11. nero claudius drusus (commonly called by the moderns Drusus Senior, to distinguish him from his nephew, the son of Tiberius), had origi­nally the praenomen Decimus, which was after­wards exchanged for Nero ; and, after his death, received the honourable agnomen Germanicus, which is appended to his name on coins. Hence care should be taken not to confound him with the celebrated Germanicus, his son. His parents were Livia Drusilla (afterwards Julia Augusta) and Tiberius Claudius Nero, and through both of them he inherited the noble blood of the Claudii, who had never yet admitted an adoption into their gens. From the adoption of his maternal grand­father [No. 7] by a Livius Drusus, he became legally one of the representatives of another illus­trious race. He was a younger brother of Tiberius Nero, who was afterwards emperor. Augustus, having fallen in love with his mother, procured a divorce between her and her husband, and married her himself. Drusus was born in the house of Augustus three months after this marriage, in b.c. 38, and a suspicion prevailed that Augustus was more than a step-father. Hence the satirical verse was often in men's mouths,

To?? evrv^ovffL ical rpi^Tjva Traiftia. Augustus took up the boy, and sent him to Nero his father, who soon after died, having appointed Augustus guardian to Tiberius and Drusus. (Dion Cass. xlviii. 44; Veil. Pat. ii. 62 ; Suet. Aug. 62? Claud. 1; Prndentius, de Simulacra Liciae.)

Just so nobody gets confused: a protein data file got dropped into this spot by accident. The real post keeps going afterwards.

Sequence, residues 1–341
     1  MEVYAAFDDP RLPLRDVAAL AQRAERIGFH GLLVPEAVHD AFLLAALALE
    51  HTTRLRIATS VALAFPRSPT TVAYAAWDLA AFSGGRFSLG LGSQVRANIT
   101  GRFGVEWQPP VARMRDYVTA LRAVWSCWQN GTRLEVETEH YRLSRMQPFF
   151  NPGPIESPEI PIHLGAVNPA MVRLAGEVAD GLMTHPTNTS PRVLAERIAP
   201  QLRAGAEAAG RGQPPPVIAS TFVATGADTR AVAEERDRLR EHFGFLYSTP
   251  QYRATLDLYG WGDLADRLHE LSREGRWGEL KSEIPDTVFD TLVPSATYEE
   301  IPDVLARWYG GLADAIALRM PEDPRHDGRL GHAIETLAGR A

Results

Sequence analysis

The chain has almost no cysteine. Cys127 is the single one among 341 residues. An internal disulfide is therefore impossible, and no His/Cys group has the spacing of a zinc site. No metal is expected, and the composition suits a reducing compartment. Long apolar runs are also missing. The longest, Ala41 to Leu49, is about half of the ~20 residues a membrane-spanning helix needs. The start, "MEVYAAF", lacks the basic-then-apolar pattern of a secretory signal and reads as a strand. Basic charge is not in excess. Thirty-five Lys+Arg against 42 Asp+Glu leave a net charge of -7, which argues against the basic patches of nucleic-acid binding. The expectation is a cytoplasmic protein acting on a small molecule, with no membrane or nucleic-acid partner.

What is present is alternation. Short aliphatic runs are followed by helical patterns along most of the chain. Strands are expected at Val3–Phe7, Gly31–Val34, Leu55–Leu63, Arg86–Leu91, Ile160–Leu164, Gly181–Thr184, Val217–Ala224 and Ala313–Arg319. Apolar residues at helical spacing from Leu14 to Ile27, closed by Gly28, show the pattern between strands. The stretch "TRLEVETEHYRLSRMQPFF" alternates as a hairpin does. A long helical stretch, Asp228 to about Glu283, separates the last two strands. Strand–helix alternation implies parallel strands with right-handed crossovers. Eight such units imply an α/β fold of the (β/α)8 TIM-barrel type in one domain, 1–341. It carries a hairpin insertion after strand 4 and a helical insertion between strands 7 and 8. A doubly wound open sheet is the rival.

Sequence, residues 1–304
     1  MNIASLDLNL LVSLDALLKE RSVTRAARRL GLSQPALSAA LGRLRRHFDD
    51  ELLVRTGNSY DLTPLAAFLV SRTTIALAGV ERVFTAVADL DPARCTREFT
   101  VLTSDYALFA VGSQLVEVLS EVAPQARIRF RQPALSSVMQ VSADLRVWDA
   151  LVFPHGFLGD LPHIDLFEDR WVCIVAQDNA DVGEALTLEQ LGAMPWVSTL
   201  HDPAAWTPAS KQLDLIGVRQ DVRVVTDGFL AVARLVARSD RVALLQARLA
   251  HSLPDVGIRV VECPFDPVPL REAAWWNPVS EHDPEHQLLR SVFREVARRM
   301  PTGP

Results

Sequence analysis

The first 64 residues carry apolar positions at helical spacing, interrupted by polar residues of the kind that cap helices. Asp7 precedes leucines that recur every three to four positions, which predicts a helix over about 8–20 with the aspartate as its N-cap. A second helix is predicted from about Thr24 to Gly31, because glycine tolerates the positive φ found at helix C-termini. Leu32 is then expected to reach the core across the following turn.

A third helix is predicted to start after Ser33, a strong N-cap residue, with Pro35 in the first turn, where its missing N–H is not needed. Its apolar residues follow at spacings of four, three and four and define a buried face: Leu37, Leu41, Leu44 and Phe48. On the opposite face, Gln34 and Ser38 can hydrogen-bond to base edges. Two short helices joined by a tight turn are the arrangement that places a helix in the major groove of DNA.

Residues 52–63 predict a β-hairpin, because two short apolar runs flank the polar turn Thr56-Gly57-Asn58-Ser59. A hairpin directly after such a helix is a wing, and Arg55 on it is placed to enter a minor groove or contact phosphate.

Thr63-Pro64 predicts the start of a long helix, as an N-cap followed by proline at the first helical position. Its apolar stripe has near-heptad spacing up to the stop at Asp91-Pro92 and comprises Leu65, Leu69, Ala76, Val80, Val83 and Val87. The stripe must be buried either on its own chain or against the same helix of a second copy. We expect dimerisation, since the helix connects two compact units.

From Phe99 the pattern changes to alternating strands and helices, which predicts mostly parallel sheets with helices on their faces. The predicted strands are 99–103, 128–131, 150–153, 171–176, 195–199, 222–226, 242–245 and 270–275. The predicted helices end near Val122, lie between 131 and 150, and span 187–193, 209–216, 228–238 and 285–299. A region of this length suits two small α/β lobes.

Drusus, as he grew up, was more liked by the people than was his brother. He was free from dark reserve, and in him the character of the Claudian race assumed its most attractive, as in Tiberius its most odious, type. In everything he did, there was an air of high breeding, and the no­ble courtesy of his manners was set off by singular beauty of person and dignity of form. lie pos­sessed in a high degree the winning quality of al-wa}Ts exhibiting to wards his friends an even and con­sistent demeanour, without capricious alternations of familiarity and distance, and he seemed adapted by nature to sustain the character of a prince and statesman. (Tac. Ann. vi. 51 ; Veil. Pat. iv. 97.) It was known that he had a desire to see the com­monwealth restored, and the people cherished the hope that he would live to give them back their ancient liberties. (Suet. Claud. 1; Tac. Ann. i. 33.) He wrote a letter to his brother, in which he broached the notion of compelling Augustus to re­sign the empire; and this letter was betrayed by Tiberius to Augustus (Suet. Tib. 50.) But notwith­standing this indication that the affection of Tibe­rius was either a hollow pretence, or yielded to his sense of duty to Augustus, the brothers main­tained during their lives an appearance, at least, of fraternal tenderness, which, according to Vale­rius Maximus (v. 5. § 3), had only one parallel— the friendship of Castor and Pollux! In the do­mestic relations of life, the conduct of Drusus was exemplary. He married the beautiful and illus-